By Nicholas Kristof, New York Times, February 15, 2012
The breakthrough experiment in New Haven (Connecticut) offers a glimpse of an education future that is less rancorous. It’s a tribute to the savvy of Randi Weingarten, the president of the American Federation of Teachers and as shrewd a union leader as any I’ve seen. She realized that the unions were alienating their allies, and she is trying to change the narrative.
New Haven may be home to Yale University, but this is a gritty, low-income school district in which four out of five kids qualify for free or reduced-price lunches. Eighty-four percent of students are black or Hispanic, and graduation rates have been low.
A couple of years ago, the school district reached a revolutionary contract with teachers. Pay and benefits would rise, but teachers would embrace reform — including sacrificing job security. With a stronger evaluation system, tenure no longer mattered and weak teachers could be pushed out.
Roughly half of a teacher’s evaluation would depend on the performance of his or her students — including on standardized tests and other measures of learning.
Teachers were protected by a transparent process, and by accountability for principals. But if outside evaluators agreed with administrators that a teacher was failing, the teacher would be out at the end of the school year.
Last year, the school district pushed out 34 teachers, about 2 percent of the total in the district. The union not only didn’t object, but acknowledged that many of them didn’t really belong in the classroom.
“We all use the same litmus test: Would we want our kid in that room?” says David Cicarella, president of the New Haven Federation of Teachers, the local union. “We all recognize that we need to do something. Tenured teachers who are ineffective — that is an issue. We want to do something about it. But it’s not fair either to blame all teachers.”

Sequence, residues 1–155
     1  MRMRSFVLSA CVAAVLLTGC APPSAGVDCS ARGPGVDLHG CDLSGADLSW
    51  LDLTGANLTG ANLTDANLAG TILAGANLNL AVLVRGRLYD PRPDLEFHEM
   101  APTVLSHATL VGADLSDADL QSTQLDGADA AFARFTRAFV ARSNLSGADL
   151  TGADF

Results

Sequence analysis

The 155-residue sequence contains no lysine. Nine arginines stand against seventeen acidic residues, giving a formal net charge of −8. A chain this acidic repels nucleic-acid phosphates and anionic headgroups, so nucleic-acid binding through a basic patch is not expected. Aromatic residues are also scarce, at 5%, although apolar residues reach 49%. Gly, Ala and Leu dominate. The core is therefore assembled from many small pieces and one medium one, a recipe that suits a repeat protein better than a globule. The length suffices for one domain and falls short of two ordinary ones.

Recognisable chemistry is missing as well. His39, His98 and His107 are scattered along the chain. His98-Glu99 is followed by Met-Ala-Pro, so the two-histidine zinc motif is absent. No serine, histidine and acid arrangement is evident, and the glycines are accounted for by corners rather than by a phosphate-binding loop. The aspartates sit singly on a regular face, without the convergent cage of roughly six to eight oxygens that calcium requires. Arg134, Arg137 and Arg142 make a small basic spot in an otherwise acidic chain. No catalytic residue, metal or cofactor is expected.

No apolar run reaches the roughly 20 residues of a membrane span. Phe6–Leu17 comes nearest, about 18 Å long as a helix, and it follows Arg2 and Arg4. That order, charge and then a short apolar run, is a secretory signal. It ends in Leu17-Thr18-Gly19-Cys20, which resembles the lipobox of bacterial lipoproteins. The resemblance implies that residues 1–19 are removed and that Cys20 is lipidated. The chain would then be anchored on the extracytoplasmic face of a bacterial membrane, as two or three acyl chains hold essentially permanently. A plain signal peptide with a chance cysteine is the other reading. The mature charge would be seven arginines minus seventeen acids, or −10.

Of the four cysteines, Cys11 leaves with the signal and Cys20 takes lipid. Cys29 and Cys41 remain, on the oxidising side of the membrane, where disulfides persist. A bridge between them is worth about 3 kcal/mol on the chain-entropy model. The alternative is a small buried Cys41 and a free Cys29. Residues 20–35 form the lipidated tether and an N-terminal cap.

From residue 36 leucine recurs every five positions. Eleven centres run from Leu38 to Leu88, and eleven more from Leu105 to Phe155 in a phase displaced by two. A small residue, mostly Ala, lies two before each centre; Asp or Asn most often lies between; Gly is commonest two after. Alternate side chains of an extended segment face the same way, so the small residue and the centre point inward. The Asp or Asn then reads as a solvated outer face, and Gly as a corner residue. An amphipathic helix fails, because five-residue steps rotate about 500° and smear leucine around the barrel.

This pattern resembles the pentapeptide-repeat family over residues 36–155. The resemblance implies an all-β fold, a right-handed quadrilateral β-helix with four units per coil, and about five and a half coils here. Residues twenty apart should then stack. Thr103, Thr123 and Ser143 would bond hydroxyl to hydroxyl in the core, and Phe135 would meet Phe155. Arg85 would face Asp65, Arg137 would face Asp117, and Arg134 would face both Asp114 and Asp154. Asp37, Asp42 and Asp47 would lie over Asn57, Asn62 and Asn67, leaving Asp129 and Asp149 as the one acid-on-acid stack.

Cicarella says that teachers accept that the world has changed. Accountability and feedback are welcome if they are fair, he says, adding: “It’s not O.K. any more to spray and pray.”
So far this year, administrators have warned about 50 more teachers that their jobs are in jeopardy because of weak teaching. That’s out of 1,800 teachers in the district.
Mayor John DeStefano Jr. of New Haven says that the breakthrough isn’t so much that poor teachers are being eased out, but that feedback is making everyone perform better — principals included. “Most everybody picked up their game in the district,” he said.
It’ll take years to verify that students themselves are benefiting, but it’s striking that teachers and administrators alike seem happy with the new system. They even say nice things about each other. In many tough school districts, teachers are demoralized and wilted; that feels less true in New Haven.
First, thanks to Mr. Kristof for shining a light on this New Haven model, where "tenure" or job security has given way to a contract that removes union protection from those who really should not be in the classroom.
Second, thanks to Randi Weingarten, for seeing through the fog around teachers' unions, (federations) and acknowledging their self-sabotage in the eyes of the public. And they were not providing solutions to the American school system which everyone agrees is in steep decline, on all measures that matter, including teacher morale.
Third, thanks to the parents of these inner city schools for climbing on board a new wave of running schools that relies on improved performance from teachers, principals and senior officials. There may be something of the "Hawthorne effect" here, which holds that people when participating in an 'experiment' generally perform better than they would othewise. However, given that possibility, this new contract, and its effective elimination of that "security blanket" from all teachers, requiring that they earn their right to remain in the classroom next year (and only next year!) by performing at or above expectations.
How could teachers really respect a system that included teachers who were obviously along for the ride. We have all taught in schools where this kind of teacher, while certainly not the norm, has continued for decades, in spite of all attempts to "urge" him (and it was mostly him's, not her's) out.
One wonders just how long the New Haven experiment will take to spread across the U.S., into all 50 states, and then north of the 49th parallel into all 10 provinces and 3 territories.
There will be many parents, and teachers, and ministries of education, not to mention colleges of teachers that will be watching the New Haven model with considerable interest. And so should our education reporters in Canada and the remaining 49 U.S. states.